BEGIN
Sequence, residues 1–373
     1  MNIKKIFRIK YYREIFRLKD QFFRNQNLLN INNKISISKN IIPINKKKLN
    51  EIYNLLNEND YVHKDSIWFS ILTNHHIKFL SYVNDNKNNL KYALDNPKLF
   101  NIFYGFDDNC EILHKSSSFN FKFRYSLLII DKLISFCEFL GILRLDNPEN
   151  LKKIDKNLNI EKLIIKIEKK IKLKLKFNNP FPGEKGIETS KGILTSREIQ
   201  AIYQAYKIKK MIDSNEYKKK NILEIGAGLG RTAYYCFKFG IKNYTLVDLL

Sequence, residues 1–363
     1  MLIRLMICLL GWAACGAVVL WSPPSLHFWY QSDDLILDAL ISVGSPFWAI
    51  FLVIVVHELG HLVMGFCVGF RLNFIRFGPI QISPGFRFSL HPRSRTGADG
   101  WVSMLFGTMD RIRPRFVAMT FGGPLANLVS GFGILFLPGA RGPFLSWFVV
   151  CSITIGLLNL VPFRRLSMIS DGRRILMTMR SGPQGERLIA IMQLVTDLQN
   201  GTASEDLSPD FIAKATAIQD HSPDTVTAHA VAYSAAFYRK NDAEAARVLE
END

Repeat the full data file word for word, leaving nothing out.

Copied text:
Sequence, residues 1–373
     1  MNIKKIFRIK YYREIFRLKD QFFRNQNLLN INNKISISKN IIPINKKKLN
    51  EIYNLLNEND YVHKDSIWFS ILTNHHIKFL SYVNDNKNNL KYALDNPKLF
   101  NIFYGFDDNC EILHKSSSFN FKFRYSLLII DKLISFCEFL GILRLDNPEN
   151  LKKIDKNLNI EKLIIKIEKK IKLKLKFNNP FPGEKGIETS KGILTSREIQ
   201  AIYQAYKIKK MIDSNEYKKK NILEIGAGLG RTAYYCFKFG IKNYTLVDLL

Sequence, residues 1–363
     1  MLIRLMICLL GWAACGAVVL WSPPSLHFWY QSDDLILDAL ISVGSPFWAI
    51  FLVIVVHELG HLVMGFCVGF RLNFIRFGPI QISPGFRFSL HPRSRTGADG
   101  WVSMLFGTMD RIRPRFVAMT FGGPLANLVS GFGILFLPGA RGPFLSWFVV
   151  CSITIGLLNL VPFRRLSMIS DGRRILMTMR SGPQGERLIA IMQLVTDLQN
   201  GTASEDLSPD FIAKATAIQD HSPDTVTAHA VAYSAAFYRK NDAEAARVLE